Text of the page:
Eating together can be very pleasant, but it can sometimes be quite a challenge. Sulking faces or dramatic tears, and food that sometimes literally flies over the table. We cannot promise you that you will never have to fuss at the table again, but with these 4 tips from the book Finding your way in the food jungle you can make the meal a bit more pleasant.
As with dealing with your children’s choice of toys (check your options), you also have an edge (as a parent) over how your child behaves at the dining table.
Sociability at the table really just starts with expectation management. Making sure that your child knows where he stands and what is expected of him. In short, with structure and clarity, from an early age, it immediately becomes a lot more fun.
Useful Tips To Have A Peaceful Dinner With Children
1. Provide regular eating times and announce them on time
Children like structure, which gives them something to hold on to. At the same time, no child who is completely involved in their game will get up on their own to eat. And nothing more frustrating to you than having to shout ten times for you to sit down… So give your child some time to get out of play. Just think about how that goes for yourself. Will you immediately stop your work if your colleague asks you to join us for lunch? Or would you rather finish that one job first? That is how it works for a child too. Tell them ten minutes in advance that you are about to eat and tell it again after five minutes. There is a good chance that he will already be in front of you with the real announcement after one call.
2. Eat at the table
Another important cue for your child – where do you eat? For the main meals, the advice is still at the table. But without TV, tablets and other distractions. That way, your child learns to eat his food mindfully and can feel much better when he’s had enough. Toys at the table are therefore not such a good idea. You better turn the food into a game yourself! For example, you can ask your child to count a number of bites, to name the colors on his plate, or if he is a little older, to point out the different vegetables in the pasta sauce. Even better: pay that attention to each other, take turns telling what you did that day, what was nice and what was not so nice. In this way, your child also gets to know the social side of eating together: eating with attention for each other.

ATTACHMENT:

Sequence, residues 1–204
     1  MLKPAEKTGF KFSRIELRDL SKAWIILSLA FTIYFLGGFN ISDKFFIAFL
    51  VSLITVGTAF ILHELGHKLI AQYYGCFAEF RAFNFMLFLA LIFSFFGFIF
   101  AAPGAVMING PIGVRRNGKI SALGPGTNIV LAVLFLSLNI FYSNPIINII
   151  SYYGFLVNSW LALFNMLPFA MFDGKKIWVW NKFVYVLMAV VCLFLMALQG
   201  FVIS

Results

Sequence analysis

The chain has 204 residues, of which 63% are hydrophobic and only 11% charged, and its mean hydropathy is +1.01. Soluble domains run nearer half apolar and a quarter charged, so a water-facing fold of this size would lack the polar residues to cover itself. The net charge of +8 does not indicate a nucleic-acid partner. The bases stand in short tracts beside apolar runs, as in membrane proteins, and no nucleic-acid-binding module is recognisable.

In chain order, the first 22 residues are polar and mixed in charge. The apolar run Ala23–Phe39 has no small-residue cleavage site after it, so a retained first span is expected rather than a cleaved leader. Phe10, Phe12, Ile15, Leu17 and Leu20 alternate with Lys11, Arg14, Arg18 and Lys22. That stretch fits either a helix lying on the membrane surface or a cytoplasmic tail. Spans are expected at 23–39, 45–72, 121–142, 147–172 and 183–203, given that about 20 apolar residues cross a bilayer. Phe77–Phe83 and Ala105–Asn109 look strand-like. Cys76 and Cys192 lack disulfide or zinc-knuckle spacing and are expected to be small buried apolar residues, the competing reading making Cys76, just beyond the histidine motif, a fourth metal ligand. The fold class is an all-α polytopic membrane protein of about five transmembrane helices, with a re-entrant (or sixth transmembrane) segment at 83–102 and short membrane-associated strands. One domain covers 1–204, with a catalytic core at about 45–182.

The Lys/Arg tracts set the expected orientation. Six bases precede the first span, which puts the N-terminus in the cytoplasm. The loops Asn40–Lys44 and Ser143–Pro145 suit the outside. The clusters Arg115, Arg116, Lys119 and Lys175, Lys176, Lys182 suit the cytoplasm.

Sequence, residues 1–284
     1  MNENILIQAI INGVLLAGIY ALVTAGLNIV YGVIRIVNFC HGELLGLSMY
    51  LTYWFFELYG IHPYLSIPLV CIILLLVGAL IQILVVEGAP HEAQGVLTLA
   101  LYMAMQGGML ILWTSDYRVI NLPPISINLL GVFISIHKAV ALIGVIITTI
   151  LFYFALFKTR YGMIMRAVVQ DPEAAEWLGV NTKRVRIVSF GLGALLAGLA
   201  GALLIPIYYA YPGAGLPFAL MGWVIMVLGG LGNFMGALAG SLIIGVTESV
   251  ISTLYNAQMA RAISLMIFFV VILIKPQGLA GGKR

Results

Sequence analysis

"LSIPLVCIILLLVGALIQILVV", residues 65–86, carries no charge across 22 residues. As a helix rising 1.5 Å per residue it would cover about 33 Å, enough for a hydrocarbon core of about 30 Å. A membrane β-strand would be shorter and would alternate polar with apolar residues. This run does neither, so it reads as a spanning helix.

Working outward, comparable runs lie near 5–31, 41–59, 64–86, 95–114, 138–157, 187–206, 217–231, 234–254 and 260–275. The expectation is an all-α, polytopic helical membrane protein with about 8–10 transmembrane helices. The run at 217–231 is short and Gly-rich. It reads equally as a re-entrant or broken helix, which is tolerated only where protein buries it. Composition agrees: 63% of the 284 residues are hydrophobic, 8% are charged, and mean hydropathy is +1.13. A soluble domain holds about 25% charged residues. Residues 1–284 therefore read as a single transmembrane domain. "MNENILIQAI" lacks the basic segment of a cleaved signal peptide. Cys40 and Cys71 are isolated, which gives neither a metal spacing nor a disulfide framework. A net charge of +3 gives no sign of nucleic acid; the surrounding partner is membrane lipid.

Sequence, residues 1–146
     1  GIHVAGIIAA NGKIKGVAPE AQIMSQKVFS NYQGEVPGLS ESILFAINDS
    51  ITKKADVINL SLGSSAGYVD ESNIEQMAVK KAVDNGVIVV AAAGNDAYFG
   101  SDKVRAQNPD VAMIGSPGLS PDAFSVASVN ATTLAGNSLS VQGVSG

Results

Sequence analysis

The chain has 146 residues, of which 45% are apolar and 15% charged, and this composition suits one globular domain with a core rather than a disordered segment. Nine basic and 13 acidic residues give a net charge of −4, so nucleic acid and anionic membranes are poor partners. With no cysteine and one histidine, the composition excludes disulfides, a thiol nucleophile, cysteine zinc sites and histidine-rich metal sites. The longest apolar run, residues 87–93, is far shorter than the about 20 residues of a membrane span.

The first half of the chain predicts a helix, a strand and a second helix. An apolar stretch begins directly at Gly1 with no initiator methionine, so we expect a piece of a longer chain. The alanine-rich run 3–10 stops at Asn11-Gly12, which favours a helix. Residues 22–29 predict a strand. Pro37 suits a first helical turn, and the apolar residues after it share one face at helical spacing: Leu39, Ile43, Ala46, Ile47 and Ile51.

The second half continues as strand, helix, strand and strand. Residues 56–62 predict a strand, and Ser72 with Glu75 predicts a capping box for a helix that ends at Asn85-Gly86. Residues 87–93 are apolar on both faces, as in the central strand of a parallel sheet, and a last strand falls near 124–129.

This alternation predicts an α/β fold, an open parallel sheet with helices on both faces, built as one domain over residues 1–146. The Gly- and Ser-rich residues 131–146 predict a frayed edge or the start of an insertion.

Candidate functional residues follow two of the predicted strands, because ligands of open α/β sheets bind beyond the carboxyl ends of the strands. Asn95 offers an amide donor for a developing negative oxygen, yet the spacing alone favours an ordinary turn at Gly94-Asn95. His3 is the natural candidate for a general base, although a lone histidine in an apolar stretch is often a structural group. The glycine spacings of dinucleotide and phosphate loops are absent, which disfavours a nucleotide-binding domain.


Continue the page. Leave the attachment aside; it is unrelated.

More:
3. Make the food manageable
Sitting at the table to eat a meal is quite demanding from your child. Because we as parents have a whole list of (implicit) expectations, such as sitting still, tasting everything, eating neatly, not playing with the food, not talking with your mouth full, and not just walking away from the table. This is quite a challenge for a seven-year-old, let alone for a toddler. Your task is therefore to guide your child in this and to make eating a meal not only literally but also figuratively manageable. Make it clear what you expect from your child and make sure that you don’t sit at the table too long, about 20 to 30 minutes is long enough. Also, eat on time. Sitting comfortably at the table is a lot more difficult if your child is too tired. Make the food literally manageable by letting your child serve himself or make the plate nice.
Whether or not your child eats his or her plate, don’t say anything about it. If you don’t make it important, your child can’t use it as a power tool. Has everyone finished eating or have you sat at the table long enough? Make it clear that the meal is over, that your child can leave the table, and clear the table.
4. Agree on the rules together
You can already agree on rules when your child is about two years old. What do you think is really important at the table? Choose your battles and choose one thing that you agree on. Maybe that is ‘sitting at the table’ or ‘tasting a bit of everything’. Is your child four or older? Then involve him and determine the rules together. By doing it together, you increase the chance of success. If that one rule goes well for a while, you can introduce a new rule after a few weeks. State what is going well and what you want to keep seeing. It is nice to hear that your child is doing his best. And for you, it is nice to see how happy your child becomes.